"We have a lot of people we affectionately call Herman Miller groupies," says Mr. Kennedy, whose firm also makes furniture by other well-known midcentury designers like George Nelson and Alexander Girard. "But most of them are Eames groupies.... They call us and tell us all these wonderful stories about how their [parents] or grandparents owned [a particular piece], or they'll ask about how to make a repair. Sometimes they just talk."
Said one Miller customer-service representative, "It's as though they are talking about a relative or a very close friend."
At first glance, the Eames phenomenon might appear only another variation on baby boomers' continuing scramble to buy back the cowboy, chrome, and tail-fin trinkets of their childhood.
Older Eames pieces made in the 1940s, '50s, '60s, and '70s fetch high prices at auction houses and on the Internet, but the market for newly manufactured furniture is strong and growing stronger, says Kennedy.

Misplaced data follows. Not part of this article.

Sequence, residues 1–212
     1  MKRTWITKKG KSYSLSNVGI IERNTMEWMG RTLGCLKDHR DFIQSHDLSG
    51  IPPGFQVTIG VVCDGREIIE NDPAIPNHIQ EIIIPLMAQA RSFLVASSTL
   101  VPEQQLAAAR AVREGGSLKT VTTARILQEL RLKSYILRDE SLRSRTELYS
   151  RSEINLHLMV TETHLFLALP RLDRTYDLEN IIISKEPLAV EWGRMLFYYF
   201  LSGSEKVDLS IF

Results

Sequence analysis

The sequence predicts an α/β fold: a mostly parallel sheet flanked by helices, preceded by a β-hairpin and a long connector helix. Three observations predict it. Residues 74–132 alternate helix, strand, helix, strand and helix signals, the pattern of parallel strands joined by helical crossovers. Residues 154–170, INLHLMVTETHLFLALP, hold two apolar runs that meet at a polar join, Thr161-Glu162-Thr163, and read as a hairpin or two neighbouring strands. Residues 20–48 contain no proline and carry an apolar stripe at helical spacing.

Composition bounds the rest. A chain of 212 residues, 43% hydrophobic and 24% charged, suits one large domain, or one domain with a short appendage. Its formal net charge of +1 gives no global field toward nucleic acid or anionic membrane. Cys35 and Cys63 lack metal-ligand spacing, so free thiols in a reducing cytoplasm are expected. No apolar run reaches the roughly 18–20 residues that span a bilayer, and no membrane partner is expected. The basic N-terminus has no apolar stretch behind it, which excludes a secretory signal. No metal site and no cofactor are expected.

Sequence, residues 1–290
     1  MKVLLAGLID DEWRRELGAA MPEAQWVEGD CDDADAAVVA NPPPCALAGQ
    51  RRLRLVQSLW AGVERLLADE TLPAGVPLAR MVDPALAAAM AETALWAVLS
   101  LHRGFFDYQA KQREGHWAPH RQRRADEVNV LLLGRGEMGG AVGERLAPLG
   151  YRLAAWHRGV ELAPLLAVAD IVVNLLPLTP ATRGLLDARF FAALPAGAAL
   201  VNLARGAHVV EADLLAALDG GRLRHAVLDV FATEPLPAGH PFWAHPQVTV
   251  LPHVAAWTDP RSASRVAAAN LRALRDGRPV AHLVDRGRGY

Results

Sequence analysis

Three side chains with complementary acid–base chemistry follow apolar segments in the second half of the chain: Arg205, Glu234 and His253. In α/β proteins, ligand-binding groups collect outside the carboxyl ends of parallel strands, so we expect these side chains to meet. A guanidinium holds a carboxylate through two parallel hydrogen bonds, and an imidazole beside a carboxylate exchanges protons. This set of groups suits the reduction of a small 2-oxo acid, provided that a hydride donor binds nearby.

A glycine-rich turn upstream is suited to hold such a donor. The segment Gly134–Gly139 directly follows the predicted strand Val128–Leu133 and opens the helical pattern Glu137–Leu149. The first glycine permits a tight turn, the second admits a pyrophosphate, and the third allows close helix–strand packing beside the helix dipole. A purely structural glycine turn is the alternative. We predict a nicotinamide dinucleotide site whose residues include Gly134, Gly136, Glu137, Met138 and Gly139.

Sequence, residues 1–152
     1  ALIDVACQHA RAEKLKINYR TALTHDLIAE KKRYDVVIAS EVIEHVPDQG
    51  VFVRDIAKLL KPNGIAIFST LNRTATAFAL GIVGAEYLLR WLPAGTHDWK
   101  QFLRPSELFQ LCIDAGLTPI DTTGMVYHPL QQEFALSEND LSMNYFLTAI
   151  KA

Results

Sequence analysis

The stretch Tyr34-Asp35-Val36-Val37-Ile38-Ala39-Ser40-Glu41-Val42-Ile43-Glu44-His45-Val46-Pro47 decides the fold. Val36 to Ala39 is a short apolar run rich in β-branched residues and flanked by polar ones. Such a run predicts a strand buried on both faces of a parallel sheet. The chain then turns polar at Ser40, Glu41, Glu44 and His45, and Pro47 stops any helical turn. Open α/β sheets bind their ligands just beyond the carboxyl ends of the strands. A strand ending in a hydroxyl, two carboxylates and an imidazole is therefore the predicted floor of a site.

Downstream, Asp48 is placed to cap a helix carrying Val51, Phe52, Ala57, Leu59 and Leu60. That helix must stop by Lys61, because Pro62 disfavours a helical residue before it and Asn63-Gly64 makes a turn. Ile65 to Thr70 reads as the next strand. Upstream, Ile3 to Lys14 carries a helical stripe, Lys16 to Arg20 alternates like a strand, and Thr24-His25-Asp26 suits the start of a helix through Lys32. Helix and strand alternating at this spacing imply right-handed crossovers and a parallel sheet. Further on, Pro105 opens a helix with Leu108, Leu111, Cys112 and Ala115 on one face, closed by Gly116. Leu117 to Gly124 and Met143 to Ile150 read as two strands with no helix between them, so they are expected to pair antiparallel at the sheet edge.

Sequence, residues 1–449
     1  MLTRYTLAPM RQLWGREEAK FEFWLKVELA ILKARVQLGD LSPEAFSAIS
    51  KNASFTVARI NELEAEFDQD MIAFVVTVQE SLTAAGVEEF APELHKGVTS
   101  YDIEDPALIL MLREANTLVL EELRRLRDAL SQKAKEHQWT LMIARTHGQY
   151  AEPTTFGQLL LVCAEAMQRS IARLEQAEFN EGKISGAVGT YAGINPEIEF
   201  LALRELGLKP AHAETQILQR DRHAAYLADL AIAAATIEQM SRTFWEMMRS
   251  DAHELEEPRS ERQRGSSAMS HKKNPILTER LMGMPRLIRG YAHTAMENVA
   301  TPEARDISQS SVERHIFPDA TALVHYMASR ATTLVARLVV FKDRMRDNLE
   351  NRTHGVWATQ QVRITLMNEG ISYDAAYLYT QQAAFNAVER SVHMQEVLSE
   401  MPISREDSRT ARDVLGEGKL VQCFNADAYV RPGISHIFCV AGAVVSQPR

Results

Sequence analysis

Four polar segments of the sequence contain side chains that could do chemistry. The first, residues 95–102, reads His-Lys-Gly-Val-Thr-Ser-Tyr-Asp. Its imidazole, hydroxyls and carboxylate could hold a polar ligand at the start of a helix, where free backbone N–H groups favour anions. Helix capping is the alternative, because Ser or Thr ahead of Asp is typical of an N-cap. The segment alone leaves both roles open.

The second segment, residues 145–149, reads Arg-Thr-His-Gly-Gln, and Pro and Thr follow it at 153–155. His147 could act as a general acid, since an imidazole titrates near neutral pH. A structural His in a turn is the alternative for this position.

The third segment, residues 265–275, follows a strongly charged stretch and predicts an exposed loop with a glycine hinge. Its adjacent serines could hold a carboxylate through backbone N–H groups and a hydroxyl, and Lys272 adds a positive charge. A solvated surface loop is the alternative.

The lounge chair/ottoman combination, for example, sold originally for about $600. Today, the price is around $3,600, and Miller easily sells a hundred or more a month.
But there's more to it than a gush of well-heeled, middle-aged nostalgia.
"The coolest thing about the Eames stuff is that you see the philosophy of the designers in the work,".says Ben Zelle, a television commercial-art director in Los Angeles who owns several Eames tables, chairs, and other items, and uses Eames furniture to decorate sets whenever he can. "It's evident they wanted people to have fun with their home furnishings.... You appreciate the integrity.... You sit down and thank them. It's such a rare thing. These people went to such great lengths to make sure their stuff would last."